We have serious problems in just about every business sector in our nation right now. In the past several months, we’ve seen the price of products rise — from the bread we eat to the vehicles we drive. Materials and supplies are a concern as well as finding enough employees to get the job done. The worldwide impact of the pandemic and the war in Ukraine continue to keep things unstable. It’s not limited to the United States but is also affecting industries around the world.
The electric utility industry is not immune to the pressures. Inevitably, the inflationary forces will increase the cost of electricity.
Electric cooperatives in Tennessee are doing everything we can to keep rates as low as possible. In fact, Tennessee cooperatives operate far more cost-effectively than co-ops in other parts of the county. Here is a fact to consider: For every dollar you pay for your electricity, only about 27 cents, on average, stays at the local co-op to purchase and maintain the poles, wires and transformers and pay the employees who serve you. The other 73 cents pays for the power generated by the Tennessee Valley Authority. The average across the nation finds that 41 cents of every dollar is used by the local co-op for operations.
That helps explain why electric rates in Tennessee are 17 percent lower than the rest of the U.S. The other factor is TVA’s low rates. The average rate per kilowatt-hour in Tennessee is about 11 cents compared to 13.3 cents elsewhere.
As efficient as we are and despite TVA’s low rates, TVA recently announced an increase due to rising costs for fuel used to generate electricity and for purchased power. TVA’s fuel cost is based on the prices of gas, coal and other fuel sources. (That’s a complicated subject, which I’ll explain in more detail next month.)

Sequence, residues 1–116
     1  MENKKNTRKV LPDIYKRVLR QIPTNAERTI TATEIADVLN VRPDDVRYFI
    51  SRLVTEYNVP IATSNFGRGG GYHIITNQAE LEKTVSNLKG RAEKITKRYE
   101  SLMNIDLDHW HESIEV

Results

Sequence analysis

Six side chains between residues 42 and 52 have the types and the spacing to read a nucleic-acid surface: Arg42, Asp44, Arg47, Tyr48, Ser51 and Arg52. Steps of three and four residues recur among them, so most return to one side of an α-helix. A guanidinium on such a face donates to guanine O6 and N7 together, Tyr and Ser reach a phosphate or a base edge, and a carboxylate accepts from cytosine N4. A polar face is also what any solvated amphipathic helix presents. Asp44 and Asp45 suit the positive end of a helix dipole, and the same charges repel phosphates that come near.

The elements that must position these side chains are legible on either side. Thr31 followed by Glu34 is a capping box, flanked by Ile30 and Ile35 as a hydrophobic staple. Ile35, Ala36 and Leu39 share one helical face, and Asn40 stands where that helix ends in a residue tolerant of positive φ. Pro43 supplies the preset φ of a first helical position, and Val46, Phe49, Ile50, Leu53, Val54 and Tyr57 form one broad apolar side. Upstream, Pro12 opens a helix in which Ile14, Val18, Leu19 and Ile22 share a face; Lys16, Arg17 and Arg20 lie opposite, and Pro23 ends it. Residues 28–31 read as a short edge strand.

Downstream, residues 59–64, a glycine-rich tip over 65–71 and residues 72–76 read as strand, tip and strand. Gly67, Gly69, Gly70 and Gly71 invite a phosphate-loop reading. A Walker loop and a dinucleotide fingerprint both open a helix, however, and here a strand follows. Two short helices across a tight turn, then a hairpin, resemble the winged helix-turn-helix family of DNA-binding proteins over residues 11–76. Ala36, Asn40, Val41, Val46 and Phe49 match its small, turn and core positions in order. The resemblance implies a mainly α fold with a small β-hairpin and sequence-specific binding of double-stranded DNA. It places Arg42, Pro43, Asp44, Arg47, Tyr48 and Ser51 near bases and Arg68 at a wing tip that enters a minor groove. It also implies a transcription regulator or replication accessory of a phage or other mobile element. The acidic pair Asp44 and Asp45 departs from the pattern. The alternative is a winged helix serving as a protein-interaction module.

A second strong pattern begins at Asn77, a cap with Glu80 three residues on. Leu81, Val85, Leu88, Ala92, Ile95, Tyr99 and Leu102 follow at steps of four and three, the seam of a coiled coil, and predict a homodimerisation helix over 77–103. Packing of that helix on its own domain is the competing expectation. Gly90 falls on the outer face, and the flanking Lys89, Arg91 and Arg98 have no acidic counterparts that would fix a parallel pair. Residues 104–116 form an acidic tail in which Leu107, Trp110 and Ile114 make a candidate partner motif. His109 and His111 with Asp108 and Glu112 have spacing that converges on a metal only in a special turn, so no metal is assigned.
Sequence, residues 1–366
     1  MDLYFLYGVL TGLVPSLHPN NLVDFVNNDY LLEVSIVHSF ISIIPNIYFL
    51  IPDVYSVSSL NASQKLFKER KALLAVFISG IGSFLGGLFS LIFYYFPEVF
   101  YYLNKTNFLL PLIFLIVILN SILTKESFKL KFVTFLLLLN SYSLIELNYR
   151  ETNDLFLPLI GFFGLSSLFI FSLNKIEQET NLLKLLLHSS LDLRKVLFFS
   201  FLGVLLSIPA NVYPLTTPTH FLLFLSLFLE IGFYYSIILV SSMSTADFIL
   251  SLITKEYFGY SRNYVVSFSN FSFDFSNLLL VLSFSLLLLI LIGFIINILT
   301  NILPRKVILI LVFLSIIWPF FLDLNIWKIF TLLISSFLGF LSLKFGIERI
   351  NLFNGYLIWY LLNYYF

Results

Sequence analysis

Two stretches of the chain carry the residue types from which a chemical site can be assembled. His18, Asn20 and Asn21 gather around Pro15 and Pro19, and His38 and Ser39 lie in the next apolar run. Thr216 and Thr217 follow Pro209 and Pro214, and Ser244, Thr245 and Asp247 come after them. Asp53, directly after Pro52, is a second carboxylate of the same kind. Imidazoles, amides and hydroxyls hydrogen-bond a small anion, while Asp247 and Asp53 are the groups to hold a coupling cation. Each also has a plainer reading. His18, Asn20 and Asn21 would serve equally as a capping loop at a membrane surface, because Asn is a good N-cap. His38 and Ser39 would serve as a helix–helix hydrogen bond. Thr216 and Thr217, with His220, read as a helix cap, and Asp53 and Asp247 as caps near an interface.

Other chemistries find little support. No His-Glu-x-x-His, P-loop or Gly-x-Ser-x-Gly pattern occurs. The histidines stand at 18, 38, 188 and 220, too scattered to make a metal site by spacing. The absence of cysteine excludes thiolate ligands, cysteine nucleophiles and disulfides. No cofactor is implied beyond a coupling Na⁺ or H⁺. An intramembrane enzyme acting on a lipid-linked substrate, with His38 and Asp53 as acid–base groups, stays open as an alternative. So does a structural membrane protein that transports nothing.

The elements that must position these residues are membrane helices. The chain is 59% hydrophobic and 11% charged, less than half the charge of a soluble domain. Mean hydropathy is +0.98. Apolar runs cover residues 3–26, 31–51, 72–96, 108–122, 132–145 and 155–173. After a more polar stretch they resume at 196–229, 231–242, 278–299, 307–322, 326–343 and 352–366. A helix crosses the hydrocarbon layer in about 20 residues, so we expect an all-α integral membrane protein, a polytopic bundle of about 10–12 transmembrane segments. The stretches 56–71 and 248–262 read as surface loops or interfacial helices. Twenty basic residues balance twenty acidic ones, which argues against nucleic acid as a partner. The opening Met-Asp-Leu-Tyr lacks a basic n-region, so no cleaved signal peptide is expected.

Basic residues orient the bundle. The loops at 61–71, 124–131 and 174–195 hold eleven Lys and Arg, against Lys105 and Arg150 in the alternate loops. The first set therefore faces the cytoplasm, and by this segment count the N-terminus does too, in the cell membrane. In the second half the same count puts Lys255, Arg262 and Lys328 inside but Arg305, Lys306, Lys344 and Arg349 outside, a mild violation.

As we go into the summer months — which Tennessee weather does quickly! — cooling your home can account for a significant portion of your electric bill. When it gets hot outside, your air conditioner must run longer and work harder to cool the inside of your home. With temperatures hitting the 90s in May, we could be in for a long, hot summer.
Here are a few things you can do to help keep your energy costs down:
Turn off lights, televisions, computers and gaming consoles when they are not in use.
Don’t leave small appliances and chargers plugged in — remember that if a device has a light, it is using electricity.
Make certain your heat pump, central air conditioning unit or window air conditioner is clean and in good working order. Inspect, clean or replace all filters as needed.
Run room air conditioners only when you need them.
Set your heat pump/central air thermostat to 75 in the summer and 67 in the winter.
Dry only complete loads of laundry so you don’t have to reheat the dryer for small loads.
Wash as much clothing as you can in cold water.
Install efficient LED lighting, which uses far less energy than other types.
Always close the damper when you aren’t using the fireplace.
If you can do most of these, you will use less energy, which will lower the impact of higher rates.
Keep in mind that we are one business that really wants you to use less of what we sell! Our co-ops and TVA will do everything we can to operate as efficiently — and safely — as possible.
For additional tips on how to keep your energy use as low as possible, see the graphic below.